“John Wayne” handles the subject matter of gun violence and culture, especially in the last few years, referencing John Wayne since he was an influence on gun culture with how he handles his guns. You’ll notice that the end of the track has a Discord ping notification thrown in there (Why, yes, JPEGMafia produced this track). “The Last” reflects on the racial issues in America including institutional racism, continuing the presentation of rough subject matter noticed on here. Since I mentioned suicide as a topic (brought up on the intro track), it appears again in “Mental” along with a few references of bebop, either being the music (the style of jazz) or a slight reference of Cowboy Bebop. It also features some mesmerizing vocalization from Bridget Perez (who shows up on 4 other tracks) and a spoken word outro from slam poet Saul Williams.

These are the only reasons why I stay lowkey
And I knew this world was shitty when we lost Kobe
Young man, black man, I’m a negro
World had to heal, now the world need growth
Cops killin’ blacks when the whites do the most
And your so-called revolution ain’t nothin’ but a post

Then we get to the one posse cut of the album “Ain’t No Way” featuring 6LACK, Jasiah, Rico Nasty and JID and this joint does bump in the whip pretty hard. In fact, it’s one of the few tracks that differs slightly from the rest of the album in production. As for the features themselves: RIco Nasty kills it on her verse as well as JID, but 6LACK and Jasiah mostly do chorus work with Buddy doing the outro.

“X-Wing” has Denzel on a trap beat, and even though I might have said this before, Denzel raps better on these kinds of beats than most popular rappers have been. The track delves into the hate/jealously you get from your success and consumer culture/trends. The following track “Angelz” delves into the aforementioned subject matters but now with some angelic female vocals and Karriem Riggins accompanying on the production.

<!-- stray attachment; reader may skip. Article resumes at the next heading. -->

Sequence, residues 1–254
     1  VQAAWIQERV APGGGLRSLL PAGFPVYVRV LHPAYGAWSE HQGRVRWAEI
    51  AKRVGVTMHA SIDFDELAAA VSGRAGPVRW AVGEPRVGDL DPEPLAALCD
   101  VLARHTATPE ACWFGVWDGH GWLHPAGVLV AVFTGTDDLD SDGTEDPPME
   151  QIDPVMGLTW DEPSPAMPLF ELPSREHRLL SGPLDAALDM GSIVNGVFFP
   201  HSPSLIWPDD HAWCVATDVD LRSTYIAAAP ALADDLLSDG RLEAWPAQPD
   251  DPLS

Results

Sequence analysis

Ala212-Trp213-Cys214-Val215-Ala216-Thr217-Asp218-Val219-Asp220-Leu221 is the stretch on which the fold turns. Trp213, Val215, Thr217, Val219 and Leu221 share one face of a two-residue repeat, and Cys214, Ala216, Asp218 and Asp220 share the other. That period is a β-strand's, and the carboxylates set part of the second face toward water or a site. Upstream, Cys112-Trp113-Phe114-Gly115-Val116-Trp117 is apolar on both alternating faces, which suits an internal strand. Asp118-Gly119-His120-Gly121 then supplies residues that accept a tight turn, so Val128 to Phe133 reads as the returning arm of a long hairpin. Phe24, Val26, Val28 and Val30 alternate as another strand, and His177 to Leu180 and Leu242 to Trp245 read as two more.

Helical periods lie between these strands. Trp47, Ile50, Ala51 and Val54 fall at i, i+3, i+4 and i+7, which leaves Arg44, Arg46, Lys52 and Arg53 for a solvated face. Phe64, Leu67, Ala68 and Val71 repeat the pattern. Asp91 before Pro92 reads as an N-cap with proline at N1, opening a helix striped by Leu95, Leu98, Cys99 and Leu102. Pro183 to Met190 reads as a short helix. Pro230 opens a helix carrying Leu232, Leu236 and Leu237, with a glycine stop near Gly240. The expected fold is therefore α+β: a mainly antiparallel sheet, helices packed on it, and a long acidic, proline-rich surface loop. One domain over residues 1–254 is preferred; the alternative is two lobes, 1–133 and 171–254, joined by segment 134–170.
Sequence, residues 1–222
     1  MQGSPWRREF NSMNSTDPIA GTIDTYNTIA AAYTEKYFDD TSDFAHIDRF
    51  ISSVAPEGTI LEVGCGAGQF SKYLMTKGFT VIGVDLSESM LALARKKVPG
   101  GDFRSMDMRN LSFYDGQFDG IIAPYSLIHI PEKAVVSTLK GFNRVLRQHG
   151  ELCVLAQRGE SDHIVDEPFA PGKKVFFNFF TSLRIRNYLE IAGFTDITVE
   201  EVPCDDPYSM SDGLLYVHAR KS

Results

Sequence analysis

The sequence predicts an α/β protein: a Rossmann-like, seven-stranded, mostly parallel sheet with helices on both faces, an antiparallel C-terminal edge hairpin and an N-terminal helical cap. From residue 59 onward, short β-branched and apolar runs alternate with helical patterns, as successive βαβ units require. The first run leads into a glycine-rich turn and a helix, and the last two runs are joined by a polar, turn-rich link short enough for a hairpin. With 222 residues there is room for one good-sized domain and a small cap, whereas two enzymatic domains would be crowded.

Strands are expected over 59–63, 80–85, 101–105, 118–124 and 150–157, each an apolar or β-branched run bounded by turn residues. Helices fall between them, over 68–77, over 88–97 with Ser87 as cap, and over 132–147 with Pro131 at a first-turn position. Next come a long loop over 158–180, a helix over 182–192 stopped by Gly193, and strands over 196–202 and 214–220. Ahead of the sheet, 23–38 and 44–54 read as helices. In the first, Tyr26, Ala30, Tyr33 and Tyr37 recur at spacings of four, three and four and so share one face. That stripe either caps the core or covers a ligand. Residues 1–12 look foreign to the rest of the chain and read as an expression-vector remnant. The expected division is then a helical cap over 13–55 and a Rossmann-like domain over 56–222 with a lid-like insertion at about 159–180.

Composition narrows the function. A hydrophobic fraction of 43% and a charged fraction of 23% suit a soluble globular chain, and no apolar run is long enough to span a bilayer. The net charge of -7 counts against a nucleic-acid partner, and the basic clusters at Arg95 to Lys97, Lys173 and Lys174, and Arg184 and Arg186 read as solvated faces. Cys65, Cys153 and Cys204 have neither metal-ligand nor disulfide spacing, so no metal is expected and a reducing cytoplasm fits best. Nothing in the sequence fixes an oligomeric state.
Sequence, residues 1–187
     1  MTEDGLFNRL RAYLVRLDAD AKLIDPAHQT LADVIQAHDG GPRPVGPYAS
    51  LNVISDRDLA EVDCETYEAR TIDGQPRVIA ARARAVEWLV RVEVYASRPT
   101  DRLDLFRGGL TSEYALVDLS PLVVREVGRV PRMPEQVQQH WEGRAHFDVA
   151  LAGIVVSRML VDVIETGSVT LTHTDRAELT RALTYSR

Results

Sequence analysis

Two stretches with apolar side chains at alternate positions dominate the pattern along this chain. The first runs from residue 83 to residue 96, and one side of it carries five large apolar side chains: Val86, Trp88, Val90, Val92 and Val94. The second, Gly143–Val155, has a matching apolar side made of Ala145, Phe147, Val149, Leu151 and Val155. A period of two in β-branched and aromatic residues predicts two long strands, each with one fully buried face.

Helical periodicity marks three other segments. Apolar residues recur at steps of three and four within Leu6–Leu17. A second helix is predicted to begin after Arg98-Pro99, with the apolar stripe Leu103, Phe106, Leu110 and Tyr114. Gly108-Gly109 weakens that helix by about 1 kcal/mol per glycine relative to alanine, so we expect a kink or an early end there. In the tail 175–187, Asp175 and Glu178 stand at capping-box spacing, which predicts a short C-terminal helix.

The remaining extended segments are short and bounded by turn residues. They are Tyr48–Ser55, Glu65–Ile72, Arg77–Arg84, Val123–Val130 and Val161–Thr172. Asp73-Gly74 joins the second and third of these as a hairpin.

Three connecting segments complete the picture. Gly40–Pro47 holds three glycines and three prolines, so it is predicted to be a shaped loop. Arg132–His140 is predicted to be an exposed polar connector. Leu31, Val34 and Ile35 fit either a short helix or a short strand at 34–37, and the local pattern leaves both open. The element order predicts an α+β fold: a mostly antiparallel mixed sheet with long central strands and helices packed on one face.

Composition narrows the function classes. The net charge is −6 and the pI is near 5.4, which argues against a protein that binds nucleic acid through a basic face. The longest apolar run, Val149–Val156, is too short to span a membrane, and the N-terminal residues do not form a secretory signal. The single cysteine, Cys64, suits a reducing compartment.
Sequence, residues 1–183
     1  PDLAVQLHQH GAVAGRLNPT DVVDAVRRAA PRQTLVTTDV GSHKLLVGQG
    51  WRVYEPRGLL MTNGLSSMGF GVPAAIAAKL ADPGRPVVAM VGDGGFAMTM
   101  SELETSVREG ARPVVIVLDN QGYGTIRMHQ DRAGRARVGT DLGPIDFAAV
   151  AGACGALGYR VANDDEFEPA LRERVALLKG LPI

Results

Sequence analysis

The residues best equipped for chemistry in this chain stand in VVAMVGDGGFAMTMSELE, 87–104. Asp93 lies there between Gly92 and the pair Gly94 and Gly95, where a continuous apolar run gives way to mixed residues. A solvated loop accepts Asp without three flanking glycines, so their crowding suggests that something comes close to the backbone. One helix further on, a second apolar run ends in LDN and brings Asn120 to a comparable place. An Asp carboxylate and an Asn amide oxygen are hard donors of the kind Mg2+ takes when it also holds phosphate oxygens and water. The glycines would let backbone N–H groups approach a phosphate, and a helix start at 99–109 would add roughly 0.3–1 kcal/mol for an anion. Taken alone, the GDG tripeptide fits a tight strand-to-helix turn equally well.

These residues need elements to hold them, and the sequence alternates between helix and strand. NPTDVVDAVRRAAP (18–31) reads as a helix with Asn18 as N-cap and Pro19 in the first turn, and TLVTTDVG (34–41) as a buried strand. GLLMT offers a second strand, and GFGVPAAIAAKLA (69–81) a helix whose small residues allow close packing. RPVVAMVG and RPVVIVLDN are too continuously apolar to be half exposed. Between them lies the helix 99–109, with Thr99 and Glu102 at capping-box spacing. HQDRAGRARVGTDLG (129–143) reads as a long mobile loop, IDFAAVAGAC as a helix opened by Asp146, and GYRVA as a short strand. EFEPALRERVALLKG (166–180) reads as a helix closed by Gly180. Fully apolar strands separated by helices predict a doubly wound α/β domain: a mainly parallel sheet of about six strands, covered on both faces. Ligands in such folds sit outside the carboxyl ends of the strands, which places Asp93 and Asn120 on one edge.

All these beats go dumb in the stereo
But I’m just too smart for the radio
Masked up like a young Rey Mysterio
Mask off when I’m back in the studio
Mac ain’t make it to twenty-seven
Pac ain’t make it to twenty-six
Big’ ain’t make it to twenty-five
It’s only right that I gotta get rich

Cut niggas off and I curse niggas out

Since I mentioned Thundercat on the production, the track “The Smell of Death” is the one track I was looking forward to the most, but this is more of a short interludem and I hate that it’s so short because it’s one of my favorites and it left me begging for more. “Sanjuro” has him going off on his experiences in Florida along with fellow Floridian rapper 454, and the title does reference an Akira Kurosawa film, along with another reference being “R.I.P to King Geedorah”… IYKYK. Finally, the album concludes with “The Ills” that has this classy hip-hop piano and boombap-inspired production from Dot Da Genius and Noah Goldstein, with lyrics all about his mental health and emotional state, especially when it comes to his process in rapping.

This album is probably his most mature to date, with a beat selection radically different than previous efforts that’s more melodic and focused on hip-hop, jazz, bebop, and some slower production save for a few tracks on there. Additionally, Denzel opening up with his vulnerable side and mental health does make you relate to him if you’ve suffered mental health issues, which are becoming more aware of today. This album continues to showcase Denzel’s skills as a rapper and how he’s one of the best and most interesting rappers to date.

FINAL VERDICT: Buy it. I see the future and yep, this is going to be on my list at the end of the year.

MELT MY EYEZ, SEE YOUR FUTURE is on PH and Loma Vista Recordings is available on CD, LP, cassette, digital download and on streaming services.